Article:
Community Kelp

This is a communication project that aims to interpret the positive economical and ecological effects that kelp aquaculture has locally. The way this is achieved is by exhibiting kelp gardens, creating educational panels and collaborating with other communities that share our goals to spark curiosity and action in the general public to find local creative methods to mitigate ocean acidification.




Humanities and Social Sciences


ENVS 2100 W01


  • Mike Smith-Cairns
  • Jennifer Weldon

City of Vancouver:

  • Brad Badelt

Student Team:

  • Shaia Brites
  • Patt Schavarosk
  • Ruedi Mani
  • Preet Bahia


  • Greenest City Action Plan


Fall 2020



Ocean acidification (OA) is an issue on BC’s coast. Due to the absorption of carbon dioxide, the oceans become acidic, threatening the local coastal biodiversity. A promising method to combat this crisis is by growing kelp as it sequesters significant amounts of carbon, mitigating OA.

Community Kelp intends to develop a kelp garden exposition in Vancouver that locals can observe and maintain throughout the growing season which lasts from Fall until Spring. This garden will spark community engagement and bring to light the issue of OA and the prospect of developing more kelp gardens and farms throughout BC’s coast. Kelp has a long history of cultivation in Indigenous societies in Vancouver. By partnering with Indigenous communities, the project hopes to integrate traditional Indigenous knowledge along with current scientific knowledge to combat the crisis of OA.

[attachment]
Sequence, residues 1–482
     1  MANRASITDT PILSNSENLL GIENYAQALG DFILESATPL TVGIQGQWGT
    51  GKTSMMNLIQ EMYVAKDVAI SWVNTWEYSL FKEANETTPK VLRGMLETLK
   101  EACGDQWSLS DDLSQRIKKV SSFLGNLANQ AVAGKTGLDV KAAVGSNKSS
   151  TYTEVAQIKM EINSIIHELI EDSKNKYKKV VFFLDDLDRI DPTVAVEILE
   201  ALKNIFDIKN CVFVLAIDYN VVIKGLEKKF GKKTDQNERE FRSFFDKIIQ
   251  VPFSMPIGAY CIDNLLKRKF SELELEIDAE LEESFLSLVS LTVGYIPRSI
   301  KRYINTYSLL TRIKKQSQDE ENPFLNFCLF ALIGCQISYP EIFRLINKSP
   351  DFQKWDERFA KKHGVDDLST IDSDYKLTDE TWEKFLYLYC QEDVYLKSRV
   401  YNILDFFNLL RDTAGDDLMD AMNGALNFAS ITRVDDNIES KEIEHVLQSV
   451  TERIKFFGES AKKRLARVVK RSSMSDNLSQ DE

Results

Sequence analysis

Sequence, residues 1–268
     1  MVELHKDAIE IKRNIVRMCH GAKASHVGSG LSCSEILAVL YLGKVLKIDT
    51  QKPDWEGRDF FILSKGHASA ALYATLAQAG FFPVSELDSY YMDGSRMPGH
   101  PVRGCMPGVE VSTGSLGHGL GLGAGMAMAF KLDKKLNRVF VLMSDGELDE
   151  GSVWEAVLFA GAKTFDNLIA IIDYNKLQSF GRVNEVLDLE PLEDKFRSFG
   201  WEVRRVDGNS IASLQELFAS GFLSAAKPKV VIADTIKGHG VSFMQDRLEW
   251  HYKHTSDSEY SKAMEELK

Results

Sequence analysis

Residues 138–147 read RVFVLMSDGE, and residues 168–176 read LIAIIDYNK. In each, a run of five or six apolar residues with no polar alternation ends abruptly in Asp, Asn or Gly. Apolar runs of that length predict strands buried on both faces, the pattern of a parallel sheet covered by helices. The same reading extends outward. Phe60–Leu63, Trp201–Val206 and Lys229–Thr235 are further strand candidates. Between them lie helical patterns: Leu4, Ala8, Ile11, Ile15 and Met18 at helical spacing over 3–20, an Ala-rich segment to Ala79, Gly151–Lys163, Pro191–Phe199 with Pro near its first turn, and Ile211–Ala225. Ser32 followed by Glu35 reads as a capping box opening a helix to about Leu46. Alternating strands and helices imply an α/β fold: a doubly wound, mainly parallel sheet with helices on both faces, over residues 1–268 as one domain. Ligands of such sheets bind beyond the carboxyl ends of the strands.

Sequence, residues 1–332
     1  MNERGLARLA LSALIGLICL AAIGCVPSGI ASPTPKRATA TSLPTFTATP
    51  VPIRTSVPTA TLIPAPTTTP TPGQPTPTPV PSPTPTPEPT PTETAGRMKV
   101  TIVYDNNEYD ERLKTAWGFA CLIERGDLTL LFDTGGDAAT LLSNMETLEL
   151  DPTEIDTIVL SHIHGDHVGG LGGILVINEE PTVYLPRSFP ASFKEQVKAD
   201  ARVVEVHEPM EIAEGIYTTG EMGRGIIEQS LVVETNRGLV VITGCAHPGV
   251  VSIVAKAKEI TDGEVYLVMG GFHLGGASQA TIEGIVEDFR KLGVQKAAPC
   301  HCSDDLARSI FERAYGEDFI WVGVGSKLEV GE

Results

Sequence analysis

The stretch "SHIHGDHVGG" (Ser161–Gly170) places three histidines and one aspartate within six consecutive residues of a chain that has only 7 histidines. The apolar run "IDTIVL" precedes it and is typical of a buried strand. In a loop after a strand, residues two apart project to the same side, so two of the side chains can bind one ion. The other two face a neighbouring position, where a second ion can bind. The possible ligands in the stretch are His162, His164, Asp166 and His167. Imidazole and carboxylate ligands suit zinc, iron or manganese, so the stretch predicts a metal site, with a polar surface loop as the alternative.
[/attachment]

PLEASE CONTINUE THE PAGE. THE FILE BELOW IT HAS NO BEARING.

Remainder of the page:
A community kelp garden coincides with current City strategies. It will play a part in the research currently being conducted in Vancouver by the Ocean Acidification Alliance. Along with this, it will add another restorative space to go along with the development of the Northeast False Creek Plan, contributing to local access to nature as a part of the Greenest City Action Plan (goal 5) and it will sequester carbon (goal 1). By coinciding with these strategies, the project intends to spark education and creativity regarding the combating of OA and re-integration of kelp on our coast. Because kelp filters water gardening is aligned with the Rain City Strategy’s ambitious goal of cleaning 90% of Vancouver’s water by 2022.

Community Kelp hopes to inspire more people to recognize the effects of kelp farming and to eventually host a number of kelp farms in British Columbia in order to grow kelp as a variety of useful products and as a mitigator of ocean acidification.

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